Saota architects acquired the farm in 2016 with the aim of restoring the six historical structures on the property, along with four hectares of fallow fields, into a working olive farm. So spectacular is the project that it even won the gold medal international Domus Restoration and Conservation Award for its “excellence in the field of restoration, redevelopment and architectural and landscape recovery at an international level.”
Buffelsdrift farm is located about 15km to the west of Ladismith Klein Karoo. The Klein Karoo is a stunning 350-kilometer valley running east to west, from Uniondale to Montagu. Surrounded by the Swartberg Mountains to the north and the Langeberge and Outeniqua Mountains in the south, the valley is only 40 to 60 kilometers wide. Originally built in the mid-1800s, the six historical Cape Dutch structures were constructed using the poured earth method, which the architects say is slightly different than the more well-known sun-dried brick method.
“This method of construction – ubiquitously used by Dutch settlers, trekboers and later Voortrekkers – requires a source of clayey ground into which is added ‘a good proportion’ of sand and grit, possibly straw or dung, combined in a pit, all trod through by oxen-hooves in span,” writes architectural historian Roger C. Fisher, Professor Emeritus of Architecture, University of Pretoria, quoting William John Burchell’s Travels In The Interior Of Southern Africa. Fisher had visited Buffelsdrift and written an unpublished account of his observations, Buffelsdrift – An Anatomy of a Vernacular, in which he details aspects of its construction and history.
Although the buildings were in good shape, the main house showed evidence of 1970s refurbishments that had to be stripped out. In fact, the buildings had been redone in a variety of different types of plaster over the years. Once that was removed, the architects assessed the state of the mud structures and fixed all the structural damage with clay collected from the dry earth irrigation dam which was obviously also the original source of clay for the buildings. They also replastered the structures in lime and sand as was traditional.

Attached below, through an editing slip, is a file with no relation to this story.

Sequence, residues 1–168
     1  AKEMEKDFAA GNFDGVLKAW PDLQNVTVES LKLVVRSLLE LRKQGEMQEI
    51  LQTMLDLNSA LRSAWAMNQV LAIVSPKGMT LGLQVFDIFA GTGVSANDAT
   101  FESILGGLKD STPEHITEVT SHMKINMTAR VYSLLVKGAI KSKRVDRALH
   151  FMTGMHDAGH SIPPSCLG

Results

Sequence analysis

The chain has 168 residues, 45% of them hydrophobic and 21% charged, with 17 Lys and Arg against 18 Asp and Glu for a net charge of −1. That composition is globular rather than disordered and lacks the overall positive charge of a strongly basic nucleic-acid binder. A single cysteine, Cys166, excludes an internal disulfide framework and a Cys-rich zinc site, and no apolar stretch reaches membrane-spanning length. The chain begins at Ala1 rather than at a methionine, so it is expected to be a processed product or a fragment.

A new pump house was added near the dam wall on the property. Its design and construction were an experiment in contemporary architecture using the same materials and techniques as the heritage buildings, including poured mud or “cob” walls, as well as brick-vaulted roofs. The landscaping around the house took the form of a series of low terraces.
“The most decorative, strangely located to the rear of the house, is the central hol-bol (concavo-convex) gable of the T-wing where the kitchen is located, with its circular capping and string-moulded bottom chord, for which Hans Fransen coined the term ‘Prince Alfred Gable.’ Fransen’s seminal study, The Old Buildings of The Cape, records “three old buildings … all with Prince Albert-type end-gables (holbol with horizontal string courses)”. The main T-shaped homestead, he says, “has massive loft steps at the side and original hollow stoepbankies”.
Historian Fisher says that a speculative reading of the architectural fabric of the buildings led him to suspect that the house “was originally a simple longhouse thatched cottage” that was subsequently added to. The outbuildings, which probably predate the house, have “simpler rudimentary hol-bol gables with … semicircular pinnacles” and those of the “main body of the homestead are similar but more refined”.
The main house on this portion of the farm dates back to 1852. The date and initials IWDV, Isak Wilhelm van der Vyver, are inscribed above the door. The Van der Vyver family was associated with Buffesldrift as far back as 1768, when they first leased the farm. This “tallies with the plaster-framed woodwork (although the halved front door with its small-paned fanlight and fluted and dentiled entablature looks much older.”